Asia Economy
China's manufacturing and services improved slightly in April
By Finfacts Team
May 5, 2014 - 10:38 PM

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China's manufacturing and services improved slightly in April with teh the final HSBC Manufacturing Purchasing Managers' Index (PMI) for April published Monday, showing a slight rise to 48.1 from 48.0 in March, but still below the key 50 level which suggests continuing contraction in manufacturing. The official manufacturing index, which was published last week and tracks more big state companies than the HSBC measure, showed that activity strengthened slightly to 50.4 in April from 50.3 in March while the official non-manufacturing PMI, which covers services, also improved slightly in April.

Production at Chinese manufacturers fell for the third consecutive month in April, though at a weaker pace than in March. Panellists generally attributed the latest reduction of output to fewer new orders, which decreased at a marked rate in April. Data suggested that sluggish domestic demand predominantly led to the fall in total new business, as new export orders declined only slightly. Weaker client demand was attributed by a number of survey respondents to deteriorating market conditions.

Goods producers in China cut their staffing levels for the sixth month running in April, amid reports of company down-sizing policies which stemmed from lower production requirements. Moreover, the rate of job shedding accelerated from the previous month. Despite reduced workforce numbers, volumes of unfinished work fell for the third successive month in April. That said, the rate of backlog depletion was marginal.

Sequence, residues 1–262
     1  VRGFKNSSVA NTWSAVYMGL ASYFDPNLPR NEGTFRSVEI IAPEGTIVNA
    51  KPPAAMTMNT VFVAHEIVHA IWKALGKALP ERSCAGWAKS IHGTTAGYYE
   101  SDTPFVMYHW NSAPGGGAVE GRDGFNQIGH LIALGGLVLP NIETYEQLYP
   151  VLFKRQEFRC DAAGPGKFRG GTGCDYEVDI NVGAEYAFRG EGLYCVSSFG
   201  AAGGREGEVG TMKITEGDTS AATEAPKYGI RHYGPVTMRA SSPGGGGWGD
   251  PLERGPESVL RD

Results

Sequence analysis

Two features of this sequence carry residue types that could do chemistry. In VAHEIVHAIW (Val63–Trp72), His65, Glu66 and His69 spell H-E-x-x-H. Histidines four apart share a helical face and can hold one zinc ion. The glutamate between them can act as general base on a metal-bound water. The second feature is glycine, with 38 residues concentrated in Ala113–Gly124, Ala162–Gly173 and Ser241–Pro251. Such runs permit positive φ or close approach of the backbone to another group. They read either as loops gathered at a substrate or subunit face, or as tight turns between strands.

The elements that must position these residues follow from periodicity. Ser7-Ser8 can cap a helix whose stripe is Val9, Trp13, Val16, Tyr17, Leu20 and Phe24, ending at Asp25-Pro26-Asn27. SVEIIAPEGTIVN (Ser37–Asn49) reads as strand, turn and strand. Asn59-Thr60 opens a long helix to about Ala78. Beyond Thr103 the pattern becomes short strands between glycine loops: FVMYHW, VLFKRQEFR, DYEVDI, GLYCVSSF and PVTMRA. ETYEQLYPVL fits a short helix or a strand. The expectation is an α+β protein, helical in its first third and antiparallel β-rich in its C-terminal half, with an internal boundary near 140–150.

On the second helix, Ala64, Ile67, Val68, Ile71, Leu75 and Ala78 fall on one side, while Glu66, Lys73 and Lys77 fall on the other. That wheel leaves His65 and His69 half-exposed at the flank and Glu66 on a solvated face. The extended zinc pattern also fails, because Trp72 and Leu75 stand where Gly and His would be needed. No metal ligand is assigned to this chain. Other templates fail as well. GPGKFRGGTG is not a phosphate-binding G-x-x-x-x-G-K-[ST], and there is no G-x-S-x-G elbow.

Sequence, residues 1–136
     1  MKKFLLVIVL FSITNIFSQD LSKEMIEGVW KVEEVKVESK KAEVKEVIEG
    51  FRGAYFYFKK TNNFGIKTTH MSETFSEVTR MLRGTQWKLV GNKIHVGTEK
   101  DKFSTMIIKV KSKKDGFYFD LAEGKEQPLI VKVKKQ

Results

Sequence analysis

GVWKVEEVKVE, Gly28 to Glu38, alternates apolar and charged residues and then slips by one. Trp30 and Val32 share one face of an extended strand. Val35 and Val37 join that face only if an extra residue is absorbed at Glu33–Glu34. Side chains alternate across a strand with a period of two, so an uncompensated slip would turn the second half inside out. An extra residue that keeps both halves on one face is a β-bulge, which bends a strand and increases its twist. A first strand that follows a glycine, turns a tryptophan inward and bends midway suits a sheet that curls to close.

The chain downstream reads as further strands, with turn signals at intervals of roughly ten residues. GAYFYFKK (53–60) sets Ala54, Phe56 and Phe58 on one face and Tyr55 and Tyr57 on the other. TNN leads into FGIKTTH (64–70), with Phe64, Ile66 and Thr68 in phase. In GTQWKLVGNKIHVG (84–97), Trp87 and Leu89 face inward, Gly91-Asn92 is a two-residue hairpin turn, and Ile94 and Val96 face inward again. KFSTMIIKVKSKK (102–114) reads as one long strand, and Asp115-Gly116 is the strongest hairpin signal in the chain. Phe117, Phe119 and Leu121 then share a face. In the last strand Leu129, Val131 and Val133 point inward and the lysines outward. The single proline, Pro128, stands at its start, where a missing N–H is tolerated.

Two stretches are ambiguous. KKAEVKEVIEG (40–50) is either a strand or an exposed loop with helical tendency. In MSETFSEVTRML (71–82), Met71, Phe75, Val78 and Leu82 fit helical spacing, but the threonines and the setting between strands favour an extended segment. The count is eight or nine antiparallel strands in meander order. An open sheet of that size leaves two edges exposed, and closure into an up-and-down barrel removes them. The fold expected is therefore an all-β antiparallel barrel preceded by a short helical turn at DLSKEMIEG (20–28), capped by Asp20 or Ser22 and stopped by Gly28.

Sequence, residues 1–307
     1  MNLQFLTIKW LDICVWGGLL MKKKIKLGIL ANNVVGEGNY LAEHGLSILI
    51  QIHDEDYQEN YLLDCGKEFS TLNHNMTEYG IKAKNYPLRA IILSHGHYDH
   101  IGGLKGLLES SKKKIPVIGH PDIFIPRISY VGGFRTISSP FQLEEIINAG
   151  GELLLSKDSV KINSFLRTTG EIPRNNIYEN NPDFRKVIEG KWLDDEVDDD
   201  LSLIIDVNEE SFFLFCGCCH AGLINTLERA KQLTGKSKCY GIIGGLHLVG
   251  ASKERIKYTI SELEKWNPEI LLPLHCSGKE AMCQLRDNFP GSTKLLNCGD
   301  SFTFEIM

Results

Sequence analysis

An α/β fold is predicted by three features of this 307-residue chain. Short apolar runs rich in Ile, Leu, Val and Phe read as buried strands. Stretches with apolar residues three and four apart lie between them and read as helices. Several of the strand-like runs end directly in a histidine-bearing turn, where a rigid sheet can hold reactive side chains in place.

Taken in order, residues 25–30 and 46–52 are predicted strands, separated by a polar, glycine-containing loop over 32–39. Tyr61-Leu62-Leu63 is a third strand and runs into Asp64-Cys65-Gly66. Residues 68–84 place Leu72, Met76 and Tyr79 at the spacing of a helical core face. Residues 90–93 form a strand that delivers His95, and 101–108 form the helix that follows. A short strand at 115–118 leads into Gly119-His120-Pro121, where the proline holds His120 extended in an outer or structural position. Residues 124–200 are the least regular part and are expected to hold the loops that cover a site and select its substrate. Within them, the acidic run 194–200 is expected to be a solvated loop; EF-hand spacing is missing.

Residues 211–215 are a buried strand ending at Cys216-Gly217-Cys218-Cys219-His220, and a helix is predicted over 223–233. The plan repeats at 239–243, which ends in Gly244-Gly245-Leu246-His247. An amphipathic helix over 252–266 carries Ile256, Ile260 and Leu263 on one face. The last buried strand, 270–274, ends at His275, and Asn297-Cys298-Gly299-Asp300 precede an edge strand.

Fewer new orders led manufacturers to cut back on their purchasing activity in April. However, the pace of reduction was only slight, having eased from that seen in March. Firms also depleted their stocks of purchases at a marked rate in April, reflective of efforts to lower inventories in line with weaker client demand.

Average input costs faced by Chinese goods producers fell for the fourth consecutive month in April. Despite easing from March, the rate of reduction was solid overall. Factory gate prices also fell during April, and at a solid pace. Anecdotal evidence suggested that charges were cut to boost client demand.

Hongbin Qu, chief economist, China & Co-Head of Asian Economic Research at HSBC said: "The final reading of the HSBC China Manufacturing PMI stabilised at 48.1 in April, up slightly from 48.0 in March, and revised down from an earlier flash reading of 48.3. The latest data implied that domestic demand contracted at a slower pace, but remained sluggish. Meanwhile, both the new export orders and employment sub-indices contracted, and were revised down from the earlier flash readings.

These indicate that the manufacturing sector, and the broader economy as a whole, continues to lose momentum. Over the past few days, Beijing has introduced more reform measures which could support growth by inducing more private sector investment. We think bolder actions will be required to ensure the economy regains its momentum."


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